The Case for the Psalms, by N. T. Wright. David Timbie and I will lead this study on why the psalms matter and how to make best use of them. We’ll meet every other Wednesday, 2-3pm Eastern via Zoom. We’re going to take on the challenge of learning to pray the psalms as we work through this book, September 14 through December 7.

The Sermons of Columbanus. I’ll be leading our discussion of the thirteen extant sermons by this greatest of the Irish peregrini every Monday (they’re real short, I promise) 4-5pm, September 12 through December 5. When you sign up, I’ll send you his sermons in PDF for free.

Our discussion of Pagans and Christians in the City, by Steve Smith will be held every other Friday, 3-4pm, September 9 through January 20.

Men, if you would like to enroll in any of these discussion groups, now is the time to drop me a line at This email address is being protected from spambots. You need JavaScript enabled to view it.indicating which group(s) you will be joining for the fall.

Don’t forget to visit the Resources for Shepherds page at our website, where you’ll find reviews, insights, and exhortations to help you in your walk with and work for the Lord.

From the Celtic Revival
On the ministry of Fursa among the Saxon people (early 6th century):

When that man came to the province of the East Saxons he was honorably received by the king, and a stead was bestowed upon him, and there he wrought to manifest the Word of God; and a multitude of men were brought by him to belief, and others were confirmed in their belief, and faith and love of God were greatened by him.

  - Anonymous, Life of Fursa, 17th century, from an earlier ms.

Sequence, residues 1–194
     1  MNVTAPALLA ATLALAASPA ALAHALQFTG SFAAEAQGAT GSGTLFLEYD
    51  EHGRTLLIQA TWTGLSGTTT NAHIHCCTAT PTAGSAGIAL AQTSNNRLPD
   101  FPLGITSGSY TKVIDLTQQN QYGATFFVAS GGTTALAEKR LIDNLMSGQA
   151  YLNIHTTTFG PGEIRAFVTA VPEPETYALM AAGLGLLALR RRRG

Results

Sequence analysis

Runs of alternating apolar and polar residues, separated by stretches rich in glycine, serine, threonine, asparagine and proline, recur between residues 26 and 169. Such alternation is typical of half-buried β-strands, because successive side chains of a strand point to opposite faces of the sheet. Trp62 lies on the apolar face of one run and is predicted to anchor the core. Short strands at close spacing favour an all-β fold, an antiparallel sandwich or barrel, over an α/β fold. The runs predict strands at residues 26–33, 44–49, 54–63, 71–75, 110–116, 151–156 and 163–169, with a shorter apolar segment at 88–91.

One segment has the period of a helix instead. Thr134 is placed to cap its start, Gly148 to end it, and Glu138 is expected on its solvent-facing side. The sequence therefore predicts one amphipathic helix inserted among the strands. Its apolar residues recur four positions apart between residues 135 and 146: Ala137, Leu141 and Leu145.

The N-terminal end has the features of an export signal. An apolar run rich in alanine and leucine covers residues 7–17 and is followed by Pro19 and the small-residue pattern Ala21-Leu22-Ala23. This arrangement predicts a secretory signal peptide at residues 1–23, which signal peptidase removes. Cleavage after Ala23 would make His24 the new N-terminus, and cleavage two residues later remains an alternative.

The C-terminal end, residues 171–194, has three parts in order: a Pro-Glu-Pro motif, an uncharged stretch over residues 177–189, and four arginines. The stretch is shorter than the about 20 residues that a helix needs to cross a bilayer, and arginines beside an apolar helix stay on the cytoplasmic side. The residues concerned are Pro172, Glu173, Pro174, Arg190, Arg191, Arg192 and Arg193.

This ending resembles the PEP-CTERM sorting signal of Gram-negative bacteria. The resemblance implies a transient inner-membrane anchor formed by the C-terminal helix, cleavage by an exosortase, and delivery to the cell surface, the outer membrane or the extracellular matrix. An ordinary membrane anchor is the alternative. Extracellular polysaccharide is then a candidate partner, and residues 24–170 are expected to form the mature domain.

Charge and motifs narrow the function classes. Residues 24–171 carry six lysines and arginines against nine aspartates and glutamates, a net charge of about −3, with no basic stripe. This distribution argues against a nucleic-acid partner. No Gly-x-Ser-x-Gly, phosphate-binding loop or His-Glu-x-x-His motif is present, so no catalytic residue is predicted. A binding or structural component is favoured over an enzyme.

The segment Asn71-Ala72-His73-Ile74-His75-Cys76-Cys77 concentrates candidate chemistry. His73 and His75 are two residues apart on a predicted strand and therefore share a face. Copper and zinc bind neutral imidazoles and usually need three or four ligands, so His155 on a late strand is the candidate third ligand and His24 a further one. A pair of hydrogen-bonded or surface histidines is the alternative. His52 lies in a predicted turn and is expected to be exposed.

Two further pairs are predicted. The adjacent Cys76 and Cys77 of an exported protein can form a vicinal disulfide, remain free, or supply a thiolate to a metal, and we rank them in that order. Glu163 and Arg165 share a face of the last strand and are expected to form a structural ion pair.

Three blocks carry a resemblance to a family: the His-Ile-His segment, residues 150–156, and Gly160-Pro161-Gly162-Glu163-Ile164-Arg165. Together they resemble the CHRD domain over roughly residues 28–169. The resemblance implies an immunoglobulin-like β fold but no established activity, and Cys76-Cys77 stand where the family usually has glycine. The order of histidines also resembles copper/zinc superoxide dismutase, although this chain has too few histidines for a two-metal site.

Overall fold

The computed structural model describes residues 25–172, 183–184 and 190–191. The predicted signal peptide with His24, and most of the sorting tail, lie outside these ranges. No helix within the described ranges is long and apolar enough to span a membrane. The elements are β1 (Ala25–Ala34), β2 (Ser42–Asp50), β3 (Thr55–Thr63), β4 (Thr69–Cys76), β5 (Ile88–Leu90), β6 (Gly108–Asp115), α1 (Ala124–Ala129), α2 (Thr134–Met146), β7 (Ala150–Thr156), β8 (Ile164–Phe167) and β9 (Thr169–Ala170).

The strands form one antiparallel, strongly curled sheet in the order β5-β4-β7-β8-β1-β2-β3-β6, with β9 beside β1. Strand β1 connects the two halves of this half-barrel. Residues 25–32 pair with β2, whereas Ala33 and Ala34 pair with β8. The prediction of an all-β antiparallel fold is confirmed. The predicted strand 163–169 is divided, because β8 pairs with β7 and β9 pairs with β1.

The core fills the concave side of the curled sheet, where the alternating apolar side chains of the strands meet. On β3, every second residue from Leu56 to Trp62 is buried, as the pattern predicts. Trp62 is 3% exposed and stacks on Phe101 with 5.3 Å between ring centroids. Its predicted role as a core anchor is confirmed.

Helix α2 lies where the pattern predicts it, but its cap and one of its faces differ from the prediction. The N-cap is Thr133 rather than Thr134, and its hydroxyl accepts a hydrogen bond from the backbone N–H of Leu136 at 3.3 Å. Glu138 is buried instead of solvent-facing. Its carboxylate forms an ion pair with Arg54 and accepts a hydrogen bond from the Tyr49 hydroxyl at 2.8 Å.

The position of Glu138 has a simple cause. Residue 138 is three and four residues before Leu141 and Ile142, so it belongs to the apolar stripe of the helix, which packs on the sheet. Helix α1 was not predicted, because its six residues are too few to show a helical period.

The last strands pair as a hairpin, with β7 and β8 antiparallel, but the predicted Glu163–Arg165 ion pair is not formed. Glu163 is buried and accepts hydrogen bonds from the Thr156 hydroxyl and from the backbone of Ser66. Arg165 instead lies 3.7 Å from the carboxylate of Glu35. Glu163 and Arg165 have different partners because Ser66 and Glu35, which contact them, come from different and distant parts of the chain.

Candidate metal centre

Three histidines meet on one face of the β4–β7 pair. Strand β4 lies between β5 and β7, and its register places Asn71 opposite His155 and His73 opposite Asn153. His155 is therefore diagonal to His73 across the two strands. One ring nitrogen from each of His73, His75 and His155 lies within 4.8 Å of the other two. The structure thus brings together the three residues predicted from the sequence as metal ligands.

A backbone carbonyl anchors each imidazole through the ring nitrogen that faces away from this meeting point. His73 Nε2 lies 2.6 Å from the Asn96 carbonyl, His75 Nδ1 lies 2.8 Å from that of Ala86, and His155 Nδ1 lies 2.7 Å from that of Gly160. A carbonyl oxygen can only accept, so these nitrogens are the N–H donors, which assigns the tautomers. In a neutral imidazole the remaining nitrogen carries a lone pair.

Some excellent ministry goals set forth in that brief summary: Preach the Word, evangelize the lost, build up the believers, let the Kingdom of faith and love spread throughout your area of influence.

Sign-up at our website,, to receive Crosfigell every Tuesday and Thursday and learn more from and about the great leaders of the Celtic Revival.

Click here for a free copy of our PDF, The Celtic Revival: A Brief Introduction.

T. M. Moore.

Please pray

It is our privilege to provide resources and opportunities to equip and encourage church leaders in building the Lord’s Church and advancing His Kingdom. Please pray that God will move many of those we serve through this ministry to share with us financially in its support. If the Lord moves you to give, you can use the Contribute button at the website to give with a credit card or through PayPal or Anedot, or you can send your gift to The Fellowship of Ailbe, 360 Zephyr Road, Williston, VT 05495.

Except as indicated, Scripture taken from the New King James Version. © Copyright 1982 by Thomas Nelson, Inc. Used by permission. All rights reserved.

[1] All quotations from Jonas, Life of St. Columban, Dana Carleton Munro, ed. (Felinfach: Llanerch Publishers, 1993).


T.M. Moore

T. M. Moore is principal of The Fellowship of Ailbe, a spiritual fellowship in the Celtic Christian tradition. He and his wife, Susie, make their home in the Champlain Valley of Vermont.